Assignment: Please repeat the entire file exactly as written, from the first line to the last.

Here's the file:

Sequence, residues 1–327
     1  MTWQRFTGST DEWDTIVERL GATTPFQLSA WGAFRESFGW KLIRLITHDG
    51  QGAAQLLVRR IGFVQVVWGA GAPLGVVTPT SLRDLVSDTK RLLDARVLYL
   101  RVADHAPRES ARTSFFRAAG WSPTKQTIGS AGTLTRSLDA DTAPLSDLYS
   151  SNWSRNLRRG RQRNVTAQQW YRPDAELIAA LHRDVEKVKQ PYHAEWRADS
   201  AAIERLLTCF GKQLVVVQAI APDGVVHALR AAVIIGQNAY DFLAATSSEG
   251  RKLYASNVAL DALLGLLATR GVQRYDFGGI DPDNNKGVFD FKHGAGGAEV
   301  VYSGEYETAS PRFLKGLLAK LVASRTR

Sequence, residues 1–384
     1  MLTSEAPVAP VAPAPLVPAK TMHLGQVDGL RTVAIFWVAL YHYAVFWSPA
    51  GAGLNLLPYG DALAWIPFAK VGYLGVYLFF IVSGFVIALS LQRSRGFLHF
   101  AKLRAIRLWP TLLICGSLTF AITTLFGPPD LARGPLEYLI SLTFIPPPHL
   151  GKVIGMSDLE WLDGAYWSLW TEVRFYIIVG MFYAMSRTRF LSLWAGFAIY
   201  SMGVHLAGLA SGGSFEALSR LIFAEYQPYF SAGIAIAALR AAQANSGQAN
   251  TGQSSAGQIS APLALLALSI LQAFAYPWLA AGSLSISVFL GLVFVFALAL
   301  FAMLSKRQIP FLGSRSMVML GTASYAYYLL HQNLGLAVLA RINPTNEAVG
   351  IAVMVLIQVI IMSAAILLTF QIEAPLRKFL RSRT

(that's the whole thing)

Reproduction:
Sequence, residues 1–327
     1  MTWQRFTGST DEWDTIVERL GATTPFQLSA WGAFRESFGW KLIRLITHDG
    51  QGAAQLLVRR IGFVQVVWGA GAPLGVVTPT SLRDLVSDTK RLLDARVLYL
   101  RVADHAPRES ARTSFFRAAG WSPTKQTIGS AGTLTRSLDA DTAPLSDLYS
   151  SNWSRNLRRG RQRNVTAQQW YRPDAELIAA LHRDVEKVKQ PYHAEWRADS
   201  AAIERLLTCF GKQLVVVQAI APDGVVHALR AAVIIGQNAY DFLAATSSEG
   251  RKLYASNVAL DALLGLLATR GVQRYDFGGI DPDNNKGVFD FKHGAGGAEV
   301  VYSGEYETAS PRFLKGLLAK LVASRTR

Sequence, residues 1–384
     1  MLTSEAPVAP VAPAPLVPAK TMHLGQVDGL RTVAIFWVAL YHYAVFWSPA
    51  GAGLNLLPYG DALAWIPFAK VGYLGVYLFF IVSGFVIALS LQRSRGFLHF
   101  AKLRAIRLWP TLLICGSLTF AITTLFGPPD LARGPLEYLI SLTFIPPPHL
   151  GKVIGMSDLE WLDGAYWSLW TEVRFYIIVG MFYAMSRTRF LSLWAGFAIY
   201  SMGVHLAGLA SGGSFEALSR LIFAEYQPYF SAGIAIAALR AAQANSGQAN
   251  TGQSSAGQIS APLALLALSI LQAFAYPWLA AGSLSISVFL GLVFVFALAL
   301  FAMLSKRQIP FLGSRSMVML GTASYAYYLL HQNLGLAVLA RINPTNEAVG
   351  IAVMVLIQVI IMSAAILLTF QIEAPLRKFL RSRT